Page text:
May 10, 2007 — Researchers have produced new
DNA evidence that almost certainly confirms the theory that all modern
humans have a common ancestry. The genetic survey, produced by a
collaborative team led by scholars at Cambridge and Anglia Ruskin
Universities, shows that Australia’s aboriginal population sprang from
the same tiny group of colonists, along with their New Guinean
The research confirms the “Out Of Africa” hypothesis that all modern
humans stem from a single group of Homo sapiens who emigrated from
Africa 2,000 generations ago and spread throughout Eurasia over
thousands of years. These settlers replaced other early humans (such as
Neanderthals), rather than interbreeding with them.
Academics analysed the mitochondrial DNA (mtDNA) and Y chromosome
DNA of Aboriginal Australians and Melanesians from New Guinea. This
data was compared with the various DNA patterns associated with early
humans. The research was an international effort, with researchers from
Tartu in Estonia, Oxford, and Stanford in California all contributing
key data and expertise.
The results showed that both the Aborigines and Melanesians share
the genetic features that have been linked to the exodus of modern
humans from Africa 50,000 years ago.
Until now, one of the main reasons for doubting the “Out Of Africa”
theory was the existence of inconsistent evidence in Australia. The
skeletal and tool remains that have been found there are strikingly
different from those elsewhere on the “coastal expressway” – the route
through South Asia taken by the early settlers.
Some scholars argue that these discrepancies exist either because
the early colonists interbred with the local Homo erectus population,
or because there was a subsequent, secondary migration from Africa.
Both explanations would undermine the theory of a single, common origin
for modern-day humans.
But in the latest research there was no evidence of a genetic
inheritance from Homo erectus, indicating that the settlers did not mix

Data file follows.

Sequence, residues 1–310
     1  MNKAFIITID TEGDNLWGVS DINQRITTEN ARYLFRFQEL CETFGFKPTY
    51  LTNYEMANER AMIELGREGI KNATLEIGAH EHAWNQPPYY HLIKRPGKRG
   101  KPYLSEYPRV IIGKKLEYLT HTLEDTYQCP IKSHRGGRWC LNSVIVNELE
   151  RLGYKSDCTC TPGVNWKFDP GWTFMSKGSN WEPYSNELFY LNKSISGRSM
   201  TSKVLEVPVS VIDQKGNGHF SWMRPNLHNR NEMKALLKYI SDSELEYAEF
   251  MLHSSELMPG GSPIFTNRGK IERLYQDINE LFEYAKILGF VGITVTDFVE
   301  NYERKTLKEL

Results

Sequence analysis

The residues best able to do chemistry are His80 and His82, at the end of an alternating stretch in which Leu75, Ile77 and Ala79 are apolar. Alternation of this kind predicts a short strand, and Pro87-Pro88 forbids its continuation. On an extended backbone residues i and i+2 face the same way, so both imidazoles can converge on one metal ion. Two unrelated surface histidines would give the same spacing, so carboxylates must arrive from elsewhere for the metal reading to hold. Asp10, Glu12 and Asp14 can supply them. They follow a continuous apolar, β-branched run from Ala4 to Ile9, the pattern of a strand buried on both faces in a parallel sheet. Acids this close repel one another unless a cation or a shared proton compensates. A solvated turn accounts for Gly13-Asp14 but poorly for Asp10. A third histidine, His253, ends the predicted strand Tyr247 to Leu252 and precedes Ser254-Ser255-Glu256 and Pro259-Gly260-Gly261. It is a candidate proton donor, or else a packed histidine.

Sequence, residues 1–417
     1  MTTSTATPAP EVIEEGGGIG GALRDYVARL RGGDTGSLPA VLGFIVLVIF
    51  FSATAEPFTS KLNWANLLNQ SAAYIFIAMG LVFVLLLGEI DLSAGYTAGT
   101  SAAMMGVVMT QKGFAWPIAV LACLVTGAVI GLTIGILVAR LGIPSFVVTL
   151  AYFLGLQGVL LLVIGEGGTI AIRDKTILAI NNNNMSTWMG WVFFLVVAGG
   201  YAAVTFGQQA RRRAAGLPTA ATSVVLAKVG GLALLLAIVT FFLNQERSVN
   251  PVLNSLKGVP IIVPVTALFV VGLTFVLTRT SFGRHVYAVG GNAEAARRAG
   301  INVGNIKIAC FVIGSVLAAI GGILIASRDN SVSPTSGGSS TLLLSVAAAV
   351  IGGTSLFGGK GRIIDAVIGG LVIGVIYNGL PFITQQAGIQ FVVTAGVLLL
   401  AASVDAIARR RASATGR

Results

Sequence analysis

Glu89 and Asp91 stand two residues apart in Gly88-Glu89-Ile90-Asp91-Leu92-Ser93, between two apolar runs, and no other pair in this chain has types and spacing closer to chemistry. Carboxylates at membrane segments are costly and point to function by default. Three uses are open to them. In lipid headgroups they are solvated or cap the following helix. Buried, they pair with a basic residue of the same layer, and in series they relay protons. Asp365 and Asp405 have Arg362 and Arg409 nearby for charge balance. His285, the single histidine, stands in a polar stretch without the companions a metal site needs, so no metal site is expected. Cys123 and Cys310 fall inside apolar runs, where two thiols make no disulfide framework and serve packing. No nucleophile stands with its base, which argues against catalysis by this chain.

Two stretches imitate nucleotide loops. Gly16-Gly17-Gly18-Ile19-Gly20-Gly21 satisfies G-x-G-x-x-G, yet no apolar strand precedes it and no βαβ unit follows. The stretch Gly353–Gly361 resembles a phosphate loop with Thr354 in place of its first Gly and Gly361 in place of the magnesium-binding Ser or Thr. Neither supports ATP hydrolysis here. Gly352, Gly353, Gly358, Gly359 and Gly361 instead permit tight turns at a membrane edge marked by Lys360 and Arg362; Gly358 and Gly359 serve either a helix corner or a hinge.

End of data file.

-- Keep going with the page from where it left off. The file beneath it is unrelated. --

and that these people therefore share the same direct ancestry as the
other Eurasian peoples.
Geneticist Dr Peter Forster, who led the research, said: “Although
it has been speculated that the populations of Australia and New Guinea
came from the same ancestors, the fossil record differs so
significantly it has been difficult to prove. For the first time, this
evidence gives us a genetic link showing that the Australian Aboriginal
and New Guinean populations are descended directly from the same
specific group of people who emerged from the African migration.”
At the time of the migration, 50,000 years ago, Australia and New
Guinea were joined by a land bridge and the region was also only
separated from the main Eurasian land mass by narrow straits such as
Wallace’s Line in Indonesia. The land bridge was submerged about 8,000
The new study also explains why the fossil and archaeological record
in Australia is so different to that found elsewhere even though the
genetic record shows no evidence of interbreeding with Homo erectus,
and indicates a single Palaeolithic colonisation event.
The DNA patterns of the Australian and Melanesian populations show
that the population evolved in relative isolation. The two groups also
share certain genetic characteristics that are not found beyond
Melanesia. This would suggest that there was very little gene flow into
Australia after the original migration.
Dr Toomas Kivisild, from the Cambridge University Department of
Biological Anthropology, who co-authored the report, said: “The
evidence points to relative isolation after the initial arrival, which
would mean any significant developments in skeletal form and tool use
were not influenced by outside sources.
“There was probably a minor secondary gene flow into Australia while
the land bridge from New Guinea was still open, but once it was
submerged the population was apparently isolated for thousands of
years. The differences in the archaeological record are probably the
result of this, rather than any secondary migration or interbreeding.”
The study is reported in the new issue of Proceedings of the National Academy of Sciences.
Australia’s archaeological record provides several apparent
inconsistencies with the “Out Of Africa” theory. In particular, the
earliest known Australian skeletons, from Lake Mungo, are relatively
slender and gracile in form, whereas younger skeletal finds are much
more robust. This robustness, which remains, for example, in the brow
ridge structure of modern Aborigines, would suggest either
interbreeding between homo sapiens and homo erectus or multiple
migrations into Australia, followed by interbreeding.
The archaeological data also indicates an intensification of the
density and complexity of different stone tools in Australia during the
Holocene period (beginning around 10,000 years BP), in particular the
emergence of backed-blade stone technology. The first dingos arrived at
around the same time, and it is thought both were brought to the
continent by new human arrivals – leading to theories of a secondary
migration that has resulted in disputes regarding the single point of
Source : University Of Cambridge